Mellman: The limits of diplomacy
While President Biden has done a remarkable job of building a coalition and executing a plan to help Ukraine fight Russian aggression, the far left of the Democratic Party has shown a wavering and inconsistent policy towards the Russian invasion.
Their problem stems in part from a broader misunderstanding of the role of diplomacy – a flaw that also infects attitudes towards other conflicts.
A now-deleted tweet from Rep. Alexandria Ocasio-Cortez (DN.Y.) sums up the issue. “The conflict between Russia and Ukraine is deeply worrying. But military conflict is not the solution. We must seek a diplomatic solution rather than aggravate tensions and avoid sanctions that harm the Ukrainian people.
Such sentiments reveal a profound misunderstanding of the role of diplomacy and negotiation. While these tools are always preferable to war, diplomacy does work, negotiation is only effective when the parties’ objectives can be reconciled.
During the Cold War, the United States and the USSR had similar interests in preventing nuclear war, creating many opportunities for creative and effective diplomacy. Egyptian President Anwar Sadat’s recognition that Israel could not be destroyed and that his country would also benefit from peace created opportunities for diplomacy.
But when the goals of nations are both central and irreconcilable, diplomacy is of little use.
How do we know when such a situation occurs?
If Russia stopped shooting, there would be peace. If the Ukrainians stopped defending themselves, there would be no Ukraine.
Until the calculation is changed on one side or the other, no negotiation will be fruitful.
The head of President Volodymyr Zelensky’s office compared what is happening there to the situation in Israel. If the terrorists stopped attacking Israel, there would be a two-state solution and peace. If Israel stopped defending itself, the terrorist armies of Hamas, Hezbollah and Fatah would put an end to Israel.
In such circumstances, diplomacy is simply not enough, although we have used it as a “cover”.
Henry Kissinger and Le Duc Tho won the Nobel Peace Prize for bringing “peace” to Vietnam through negotiation.
But, in fact, after suffering horrific loss of life in support of a corrupt dictatorship, the United States withdrew with a “peace treaty” in hand. Two years later, Saigon falls and the country is forcibly united under the control of a slightly less corrupt, slightly more dictatorial regime in the north.
If Russia’s goal was to expand its security perimeter, the negotiation might find a way to succeed – for example, an agreement to refrain from further NATO enlargement.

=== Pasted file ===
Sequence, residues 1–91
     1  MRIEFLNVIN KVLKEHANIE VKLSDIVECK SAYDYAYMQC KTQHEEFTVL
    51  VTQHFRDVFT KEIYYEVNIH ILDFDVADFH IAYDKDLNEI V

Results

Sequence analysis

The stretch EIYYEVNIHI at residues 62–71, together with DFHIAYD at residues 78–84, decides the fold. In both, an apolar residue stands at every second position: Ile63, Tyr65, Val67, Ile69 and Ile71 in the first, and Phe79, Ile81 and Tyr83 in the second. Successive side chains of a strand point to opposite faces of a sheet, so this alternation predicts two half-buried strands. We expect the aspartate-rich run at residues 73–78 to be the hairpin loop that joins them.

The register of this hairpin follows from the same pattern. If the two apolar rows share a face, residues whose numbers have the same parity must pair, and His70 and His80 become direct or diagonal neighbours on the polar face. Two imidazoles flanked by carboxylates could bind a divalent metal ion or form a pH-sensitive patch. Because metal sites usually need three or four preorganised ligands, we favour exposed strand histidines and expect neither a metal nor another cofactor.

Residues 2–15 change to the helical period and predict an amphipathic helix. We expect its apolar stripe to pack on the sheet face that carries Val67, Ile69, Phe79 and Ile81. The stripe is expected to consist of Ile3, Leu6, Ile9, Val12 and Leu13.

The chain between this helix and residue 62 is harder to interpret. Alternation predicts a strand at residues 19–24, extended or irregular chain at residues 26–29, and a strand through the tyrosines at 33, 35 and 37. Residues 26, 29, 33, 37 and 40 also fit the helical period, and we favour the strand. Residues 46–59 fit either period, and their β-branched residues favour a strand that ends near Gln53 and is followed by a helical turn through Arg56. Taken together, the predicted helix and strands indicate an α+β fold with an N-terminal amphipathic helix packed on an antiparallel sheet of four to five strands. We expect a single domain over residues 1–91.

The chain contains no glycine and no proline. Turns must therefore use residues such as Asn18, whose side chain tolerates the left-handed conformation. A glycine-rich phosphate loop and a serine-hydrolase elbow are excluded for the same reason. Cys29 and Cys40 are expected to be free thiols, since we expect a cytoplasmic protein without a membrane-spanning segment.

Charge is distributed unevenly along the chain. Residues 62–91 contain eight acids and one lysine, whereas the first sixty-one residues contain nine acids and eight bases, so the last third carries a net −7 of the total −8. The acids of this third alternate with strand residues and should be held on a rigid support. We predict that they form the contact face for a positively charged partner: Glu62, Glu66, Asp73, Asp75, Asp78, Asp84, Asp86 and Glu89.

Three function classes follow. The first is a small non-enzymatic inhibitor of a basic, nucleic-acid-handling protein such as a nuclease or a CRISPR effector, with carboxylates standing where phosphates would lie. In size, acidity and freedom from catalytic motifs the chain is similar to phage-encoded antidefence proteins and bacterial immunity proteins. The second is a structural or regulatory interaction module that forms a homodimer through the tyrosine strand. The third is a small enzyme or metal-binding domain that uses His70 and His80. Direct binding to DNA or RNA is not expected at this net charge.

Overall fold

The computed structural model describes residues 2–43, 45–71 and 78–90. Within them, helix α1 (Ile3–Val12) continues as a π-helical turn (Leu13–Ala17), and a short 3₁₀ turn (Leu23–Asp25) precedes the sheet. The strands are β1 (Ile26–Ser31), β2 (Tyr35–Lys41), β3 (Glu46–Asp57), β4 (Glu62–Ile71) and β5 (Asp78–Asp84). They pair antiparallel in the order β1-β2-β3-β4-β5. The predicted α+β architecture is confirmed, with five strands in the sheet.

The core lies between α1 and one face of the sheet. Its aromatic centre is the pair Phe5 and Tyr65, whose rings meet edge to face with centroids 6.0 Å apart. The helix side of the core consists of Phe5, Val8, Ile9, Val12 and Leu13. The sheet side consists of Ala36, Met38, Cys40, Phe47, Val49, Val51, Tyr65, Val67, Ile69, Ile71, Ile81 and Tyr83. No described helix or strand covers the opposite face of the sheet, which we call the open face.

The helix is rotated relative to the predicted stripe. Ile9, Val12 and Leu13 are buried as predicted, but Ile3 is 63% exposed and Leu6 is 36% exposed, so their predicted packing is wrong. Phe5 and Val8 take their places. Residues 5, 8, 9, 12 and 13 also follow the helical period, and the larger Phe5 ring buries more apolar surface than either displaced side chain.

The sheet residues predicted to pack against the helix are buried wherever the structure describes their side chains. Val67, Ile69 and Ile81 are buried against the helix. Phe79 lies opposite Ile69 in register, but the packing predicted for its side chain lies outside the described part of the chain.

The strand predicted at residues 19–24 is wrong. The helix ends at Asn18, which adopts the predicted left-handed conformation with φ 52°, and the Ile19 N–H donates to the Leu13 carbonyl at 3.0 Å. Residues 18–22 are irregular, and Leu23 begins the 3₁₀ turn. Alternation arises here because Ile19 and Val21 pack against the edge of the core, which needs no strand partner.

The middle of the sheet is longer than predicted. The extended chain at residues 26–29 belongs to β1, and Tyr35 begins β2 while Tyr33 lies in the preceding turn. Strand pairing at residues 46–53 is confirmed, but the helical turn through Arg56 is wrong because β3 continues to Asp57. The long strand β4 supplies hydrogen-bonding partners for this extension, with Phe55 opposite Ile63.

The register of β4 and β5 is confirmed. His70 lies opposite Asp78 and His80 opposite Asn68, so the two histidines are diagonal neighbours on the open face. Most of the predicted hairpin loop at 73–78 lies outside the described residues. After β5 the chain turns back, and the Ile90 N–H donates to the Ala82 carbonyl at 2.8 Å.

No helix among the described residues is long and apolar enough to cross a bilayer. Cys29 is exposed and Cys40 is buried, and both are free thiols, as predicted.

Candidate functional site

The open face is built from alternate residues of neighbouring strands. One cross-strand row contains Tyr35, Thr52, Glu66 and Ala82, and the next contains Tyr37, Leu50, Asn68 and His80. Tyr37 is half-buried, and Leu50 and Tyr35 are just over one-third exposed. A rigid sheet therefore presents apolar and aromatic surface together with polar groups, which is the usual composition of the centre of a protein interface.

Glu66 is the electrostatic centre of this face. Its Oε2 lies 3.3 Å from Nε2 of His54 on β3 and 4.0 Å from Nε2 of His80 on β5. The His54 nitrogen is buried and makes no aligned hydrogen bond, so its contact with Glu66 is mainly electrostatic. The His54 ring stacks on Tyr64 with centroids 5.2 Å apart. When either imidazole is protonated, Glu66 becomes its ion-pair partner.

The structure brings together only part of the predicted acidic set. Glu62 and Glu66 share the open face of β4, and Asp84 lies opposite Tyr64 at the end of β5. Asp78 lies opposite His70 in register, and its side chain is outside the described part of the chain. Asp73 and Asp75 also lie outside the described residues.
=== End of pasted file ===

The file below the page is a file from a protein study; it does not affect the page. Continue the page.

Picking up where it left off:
But as long as their goal remains the destruction of Ukraine as a sovereign nation, diplomacy will fail.
Military facts on the ground could cause Russia to change its objectives, in which case diplomacy has a role to play, but until then, expecting negotiation to resolve the issue is naïve.
It is a naivety which is also reflected in the treatment of other international problems.
If Iran only wanted nuclear power and nuclear medicine, as they claim, a deal could be forged within hours. But, in fact, they want to be a nuclear weapons threshold state and have the ability to deploy nuclear weapons on short notice.
This is why it is so difficult to reverse Donald Trump’s mistake in leaving the JCPOA.
Yes, diplomacy is always better than war, but when the differences are fundamental and irreconcilable, we have solved the problem, at great expense, with total military victory and unconditional surrender.
Hitler didn’t just want the Sudetenland. So giving it to him only delayed, but did not prevent, World War II, after which the allies occupied Germany for years and rebuilt its politics to our liking.
One million Allied soldiers occupied Japan for seven years after their surrender, during which time we restructured Japanese politics and society.
We tried the same thing in Iraq, with much less success.
We are not going to defeat and occupy Russia, but neither will they change their goals just because of nice diplomatic talks.
If this conflict is ever resolved, it will be thanks to the heroism and tenacity of the Ukrainian people and the help and murderous sanctions designed by President Biden.
Mellman is chairman of the Mellman Group and has helped elect 30 US senators, 12 governors and dozens of House members. Mellman was a pollster for Democratic Senate leaders for more than 20 years, president of the American Association of Political Consultants, and Democratic Majority Chairman for Israel.